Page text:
George Conway Says He’s Changed His Mind About Trump: 'Racist To The Core'

“Naivete, resentment and outright racism, roiled in a toxic mix, have given us a racist president," the attorney and husband of Kellyanne Conway wrote.

George Conway, the husband of White House counselor Kellyanne Conway, wrote a scathing editorial on Monday blasting President Donald Trump’s recent attacks on a coalition of Democratic congresswomen as “racist to the core” and “beyond the bounds of human decency.”

Conway, a vocal critic of the president despite his wife’s senior role in his administration, said Trump’s comments in recent days had shifted his opinion of the president. Though Conway once thought of Trump as merely “boorish, dim-witted, inarticulate, incoherent, narcissistic and insensitive,” now the lawyer says the president’s behavior leaves “no doubt” about his character.

“No matter how much I found him ultimately unfit, I still gave him the benefit of the doubt about being a racist. No matter how much I came to dislike him, I didn’t want to think that the president of the United States is a racial bigot,” Conway wrote in The Washington Post. “Naivete, resentment and outright racism, roiled in a toxic mix, have given us a racist president. … Telling four non-white members of Congress — American citizens all, three natural-born — to ‘go back’ to the ‘countries’ they ‘originally came from’? That’s racist to the core.”

Conway’s comments come amid an ongoing furor over Trump’s vicious attacks against several Democratic lawmakers. In a series of tweets this weekend, the president, apparently referring to progressive Reps. Alexandria Ocasio-Cortez (N.Y.), Rashida Tlaib (Mich.), Ayanna Pressley (Mass.) and Ilhan Omar (Minn.) — should “go back” to the countries they came from.

All four are women of color, but only Omar was born outside the U.S. The Minnesota congresswoman’s family emigrated from Somalia when she was a child.

The remarks prompted a widespread outcry, with many saying they amounted to a racist, xenophobic and inaccurate attack on duly elected members of the government. But Trump refused to back down on Monday, telling reporters outside the White House he had no regrets about the statements.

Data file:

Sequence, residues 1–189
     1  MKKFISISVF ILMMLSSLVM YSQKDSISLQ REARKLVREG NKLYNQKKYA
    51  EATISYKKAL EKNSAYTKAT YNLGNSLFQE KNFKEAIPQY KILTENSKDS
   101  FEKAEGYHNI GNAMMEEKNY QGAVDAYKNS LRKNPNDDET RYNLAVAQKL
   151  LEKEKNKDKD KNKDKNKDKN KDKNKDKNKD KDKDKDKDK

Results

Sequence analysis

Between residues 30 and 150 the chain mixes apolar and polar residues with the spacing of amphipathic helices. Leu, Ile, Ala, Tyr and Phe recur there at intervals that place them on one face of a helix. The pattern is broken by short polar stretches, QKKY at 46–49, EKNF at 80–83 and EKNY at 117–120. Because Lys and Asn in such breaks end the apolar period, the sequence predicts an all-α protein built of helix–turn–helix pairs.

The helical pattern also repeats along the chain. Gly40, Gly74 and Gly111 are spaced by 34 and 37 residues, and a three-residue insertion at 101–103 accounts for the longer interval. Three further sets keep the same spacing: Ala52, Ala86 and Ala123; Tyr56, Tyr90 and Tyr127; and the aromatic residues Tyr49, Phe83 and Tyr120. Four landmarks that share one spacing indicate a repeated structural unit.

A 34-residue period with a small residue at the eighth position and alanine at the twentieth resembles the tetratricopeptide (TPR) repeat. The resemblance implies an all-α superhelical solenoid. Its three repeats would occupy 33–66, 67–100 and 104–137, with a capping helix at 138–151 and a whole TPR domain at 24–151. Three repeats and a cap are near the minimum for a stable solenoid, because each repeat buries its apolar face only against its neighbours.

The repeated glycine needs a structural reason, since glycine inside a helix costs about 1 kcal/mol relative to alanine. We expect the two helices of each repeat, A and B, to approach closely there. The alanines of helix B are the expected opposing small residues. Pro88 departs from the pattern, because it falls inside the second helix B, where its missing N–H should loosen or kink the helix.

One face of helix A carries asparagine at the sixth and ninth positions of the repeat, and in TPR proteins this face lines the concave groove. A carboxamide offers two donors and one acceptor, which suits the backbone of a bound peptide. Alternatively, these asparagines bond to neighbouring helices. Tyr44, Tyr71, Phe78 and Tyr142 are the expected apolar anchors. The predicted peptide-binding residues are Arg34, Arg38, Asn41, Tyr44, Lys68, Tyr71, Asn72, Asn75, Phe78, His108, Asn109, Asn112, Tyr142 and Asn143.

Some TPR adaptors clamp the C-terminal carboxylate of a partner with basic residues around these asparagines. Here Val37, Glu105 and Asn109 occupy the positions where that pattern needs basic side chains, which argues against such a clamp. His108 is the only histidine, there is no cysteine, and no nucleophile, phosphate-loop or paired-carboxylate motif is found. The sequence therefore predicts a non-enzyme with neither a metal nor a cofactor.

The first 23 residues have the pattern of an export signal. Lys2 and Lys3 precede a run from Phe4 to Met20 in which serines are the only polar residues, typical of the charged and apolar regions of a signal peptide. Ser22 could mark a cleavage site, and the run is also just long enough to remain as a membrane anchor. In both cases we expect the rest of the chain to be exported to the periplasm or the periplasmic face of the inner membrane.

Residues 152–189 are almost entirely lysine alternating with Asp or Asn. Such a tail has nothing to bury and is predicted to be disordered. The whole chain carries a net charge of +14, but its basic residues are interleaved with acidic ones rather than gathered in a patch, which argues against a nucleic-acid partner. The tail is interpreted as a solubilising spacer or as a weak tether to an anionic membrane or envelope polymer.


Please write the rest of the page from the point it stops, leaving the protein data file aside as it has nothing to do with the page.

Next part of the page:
“If you hate our country, if you’re not happy here, you can leave,” he said Monday. “You can leave. You can leave right now. Come back if you want. Don’t come back, that’s OK, too. But if you’re not happy, you can leave.”

The four congresswomen held their own news conference on Monday, at which they chastised the president’s attacks as “blatantly racist” and akin to the “agenda of white nationalists.”

“For him to condemn us and to say we are un-American for wanting to work hard to make this country be the country we all deserve to live in, it’s complete hypocrisy,” Omar said Monday.

In his piece in the Post, Conway also slammed Republican leaders for largely ignoring the controversy, saying that party members have largely grown accustomed to Trump’s divisive rhetoric and fearful he’ll turn against them.

“They’re silent because, knowing that he’s incorrigible, they have inured themselves to his wild statements; because, knowing that he’s a fool, they don’t really take his words seriously and pretend that others shouldn’t, either,” Conway wrote. “Because, knowing how damaging Trump’s words are, the Republicans don’t want to give succor to their political enemies; because, knowing how vindictive, stubborn and obtusely self-destructive Trump is, they fear his wrath.”

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